[¶ 7] Husband received other gifts of land from his grandmother, which were made to him and his father, but did not include wife.   Those properties were not included in the property division.

[¶ 8] Wife had a close personal relationship with husband's grandmother, and the district court concluded that all gifts were made in an “intelligent and unequivocal fashion.”   The properties given as gifts to the parties by the grandmother were included in the property division over husband's objections.

[¶ 9] The district court concluded that the parties owned equity in the Coones Place of $587,192.00, the Recluse Place was worth $515,430.00, and the parties' interest in the Home Place was worth $114,000.00.   In accordance with wife's request, but over husband's objection, the district court awarded the Recluse Place to wife and the Coones Place and the Home Place to husband.   The district court found that:

In order to achieve equity in this case, it is necessary to set over to [wife] some of the parties' real property.   The “Recluse Place” was not property which historically belonged to the Odegard family.   It was, in fact, received by Theta Lester after her marriage to Mayne Lester, a marriage which occurred later in her life.   It is physically separated from the rest of the Odegard family lands.   It is appropriate that [wife] receive this property as part of her share of the marital estate for the value stated above.

In addition to the Coones Place and the Home Place, husband was awarded all the cattle and ranch equipment.   In order to make the property settlement equal, i.e., approximately 50/50, the district court made this adjustment:

[Husband] should pay to [wife] the sum of $232,898.50 (one-half of $465,797.00) in ten (10) equal, annual installments of $33,159.51, said annual payments including interest at the rate of seven percent (7%), starting on December 1, 2002, and continuing on December 1 of each year thereafter until fully paid.  [Husband] may prepay the principal balance due hereunder at any time, without penalty, provided, however, that any such prepayment will be credited first to accrued interest and then to principal.

STANDARD OF REVIEW

 [¶ 10] There are few rules more firmly established in our jurisprudence than the proposition that the disposition of marital property is committed to the sound discretion of the district court.   Judicial discretion is made up of many things, including conclusions reached from objective criteria, as well as exercising sound judgment with regard to what is right under the circumstances and without doing so arbitrarily or capriciously.   We are required to ask ourselves whether the trial court could reasonably conclude as it did and whether or not any facet of its ruling was arbitrary or capricious.   In accomplishing our review, we consider only the evidence in favor of the successful party, ignore the evidence of the unsuccessful party, and grant to the successful party every reasonable inference that can be drawn from the record.  Holland v. Holland, 2001 WY 113, ¶ 8, 35 P.3d 409, ¶ 8 (Wyo.2001).   Moreover,

We apply an abuse of discretion standard when reviewing divisions of marital property and, recognizing that property settlements present complex problems requiring the trial court to assess the respective merits and needs of the parties, we will not disturb the result absent a manifest abuse of that discretion.  France v. France, 902 P.2d 701, 703 (Wyo.1995);  Neuman v. Neuman, 842 P.2d 575, 578 (Wyo.1992);  Kennedy v. Kennedy, 456 P.2d 243, 247 (Wyo.1964 [1969]).   We will find an abuse of discretion when the disposition shocks the conscience of the court and appears so unfair and inequitable that reasonable persons could not abide it.  France, 902 P.2d at 703.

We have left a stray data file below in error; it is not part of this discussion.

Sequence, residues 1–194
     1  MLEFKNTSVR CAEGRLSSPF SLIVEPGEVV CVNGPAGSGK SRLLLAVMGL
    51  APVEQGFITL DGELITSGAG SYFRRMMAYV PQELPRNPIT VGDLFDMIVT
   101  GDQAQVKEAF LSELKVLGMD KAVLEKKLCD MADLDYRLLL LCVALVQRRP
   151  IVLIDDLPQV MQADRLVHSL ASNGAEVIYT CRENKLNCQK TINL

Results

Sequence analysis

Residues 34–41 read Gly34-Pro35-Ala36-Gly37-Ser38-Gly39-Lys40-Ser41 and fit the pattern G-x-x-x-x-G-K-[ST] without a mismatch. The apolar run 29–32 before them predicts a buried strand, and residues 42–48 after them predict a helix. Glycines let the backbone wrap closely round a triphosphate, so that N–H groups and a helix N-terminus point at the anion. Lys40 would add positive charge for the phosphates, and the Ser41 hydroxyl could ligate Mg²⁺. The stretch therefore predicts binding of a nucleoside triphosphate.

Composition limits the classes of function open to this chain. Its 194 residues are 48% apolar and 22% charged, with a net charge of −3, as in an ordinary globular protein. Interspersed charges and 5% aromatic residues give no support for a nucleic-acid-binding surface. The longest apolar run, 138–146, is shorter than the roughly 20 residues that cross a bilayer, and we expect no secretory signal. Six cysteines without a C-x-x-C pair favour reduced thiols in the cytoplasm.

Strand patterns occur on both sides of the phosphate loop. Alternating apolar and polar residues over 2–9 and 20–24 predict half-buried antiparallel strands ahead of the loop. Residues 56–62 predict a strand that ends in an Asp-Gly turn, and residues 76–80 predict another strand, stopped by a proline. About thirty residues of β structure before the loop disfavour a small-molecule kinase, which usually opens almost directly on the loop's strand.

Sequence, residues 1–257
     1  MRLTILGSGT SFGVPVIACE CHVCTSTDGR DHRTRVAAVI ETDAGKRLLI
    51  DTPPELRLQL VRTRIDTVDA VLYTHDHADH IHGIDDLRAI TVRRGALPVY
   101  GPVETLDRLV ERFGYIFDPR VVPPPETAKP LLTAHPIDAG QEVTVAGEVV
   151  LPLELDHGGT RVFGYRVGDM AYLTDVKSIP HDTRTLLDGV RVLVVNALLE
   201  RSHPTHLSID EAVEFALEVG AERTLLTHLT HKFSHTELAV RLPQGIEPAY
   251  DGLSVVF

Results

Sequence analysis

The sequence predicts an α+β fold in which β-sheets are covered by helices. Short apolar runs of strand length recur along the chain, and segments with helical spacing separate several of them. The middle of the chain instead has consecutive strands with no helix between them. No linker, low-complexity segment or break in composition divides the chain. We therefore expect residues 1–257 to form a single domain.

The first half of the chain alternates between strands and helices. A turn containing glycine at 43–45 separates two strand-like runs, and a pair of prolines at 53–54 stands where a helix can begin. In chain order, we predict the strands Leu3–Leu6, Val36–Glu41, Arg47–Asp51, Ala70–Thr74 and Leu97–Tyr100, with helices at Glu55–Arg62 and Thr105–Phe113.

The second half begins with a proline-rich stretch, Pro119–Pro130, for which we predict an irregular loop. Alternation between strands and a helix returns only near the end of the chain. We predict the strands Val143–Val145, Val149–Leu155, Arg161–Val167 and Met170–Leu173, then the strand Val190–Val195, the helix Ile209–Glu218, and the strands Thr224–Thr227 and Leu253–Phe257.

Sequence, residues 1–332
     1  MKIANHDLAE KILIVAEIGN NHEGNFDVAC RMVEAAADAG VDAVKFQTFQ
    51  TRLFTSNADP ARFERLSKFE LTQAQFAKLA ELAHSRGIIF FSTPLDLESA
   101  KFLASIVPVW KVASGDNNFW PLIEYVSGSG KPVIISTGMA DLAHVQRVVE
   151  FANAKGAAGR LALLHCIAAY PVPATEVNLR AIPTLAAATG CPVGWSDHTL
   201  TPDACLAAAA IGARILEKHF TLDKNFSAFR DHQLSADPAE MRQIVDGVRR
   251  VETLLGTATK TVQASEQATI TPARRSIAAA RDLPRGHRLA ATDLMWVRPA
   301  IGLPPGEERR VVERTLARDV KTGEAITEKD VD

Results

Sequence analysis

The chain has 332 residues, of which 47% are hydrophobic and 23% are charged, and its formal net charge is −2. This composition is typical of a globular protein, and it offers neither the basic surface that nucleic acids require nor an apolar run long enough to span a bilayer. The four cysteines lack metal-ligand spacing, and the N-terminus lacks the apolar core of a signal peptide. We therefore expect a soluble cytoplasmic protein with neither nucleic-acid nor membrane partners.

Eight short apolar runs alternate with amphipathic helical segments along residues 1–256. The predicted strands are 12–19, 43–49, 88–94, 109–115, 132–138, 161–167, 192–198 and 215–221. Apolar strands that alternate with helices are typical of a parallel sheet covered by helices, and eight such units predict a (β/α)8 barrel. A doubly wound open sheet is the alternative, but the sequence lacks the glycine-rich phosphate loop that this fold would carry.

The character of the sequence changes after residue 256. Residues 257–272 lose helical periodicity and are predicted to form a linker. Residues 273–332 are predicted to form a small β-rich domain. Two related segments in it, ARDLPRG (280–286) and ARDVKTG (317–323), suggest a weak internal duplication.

Mann v. Mann, 979 P.2d 497, 500 (Wyo.1999).

DISCUSSION

Inclusion of Non-marital Property in the Property Division

[¶ 11] Husband contends that some of the property included as marital property was not a product of the marital union and was not acquired during the marriage by the joint efforts of the parties.   As set out in the facts above, it was husband's contention that all gifts of real property made to husband and wife by husband's grandmother should not be included in the marital estate.   Husband also contended that cattle owned by him at the time he entered into the marriage should be excluded from the property settlement.  Wyo. Stat. Ann. § 20-2-114 (LexisNexis 2001) is the primary source of guidance to the district court in this regard:

§ 20-2-114.  Disposition of property to be equitable;  factors;  alimony generally.

In granting a divorce, the court shall make such disposition of the property of the parties as appears just and equitable, having regard for the respective merits of the parties and the condition in which they will be left by the divorce, the party through whom the property was acquired and the burdens imposed upon the property for the benefit of either party and children.   The court may decree to either party reasonable alimony out of the estate of the other having regard for the other's ability to pay and may order so much of the other's real estate or the rents and profits thereof as is necessary be assigned and set out to either party for life, or may decree a specific sum be paid by either party.

 [¶ 12] As was true in the Holland case, here husband's arguments are, for the most part, based upon a view of the record which gives credence only to the evidence favorable to husband, and ignores the evidence favorable to wife.   Husband has the burden of demonstrating that the evidence adduced before the district court did not support the property division as a whole.  Holland, ¶ 9. Wyo. Stat. Ann. § 20-1-201 (LexisNexis 2001) provides that married persons may retain as their separate estate, property that a spouse owns at the time of the marriage (together with its increased value).   Property owned jointly by the parties is, as a general rule, considered a part of the marital estate.   Indeed, although married persons may retain their separate estates while married, upon the filing of a complaint for divorce, that right is adjusted.   As a part of the divorce, the jurisdiction of the district court is invoked to provide for an equitable distribution of the property of the parties and, accordingly, a married person's separate property is subject to distribution by the court, as well as jointly owned property.  Metz v. Metz, 2003 WY 3, ¶ 8, 61 P.3d 383, ¶ 8 (Wyo.2003);  Mann, 979 P.2d at 499.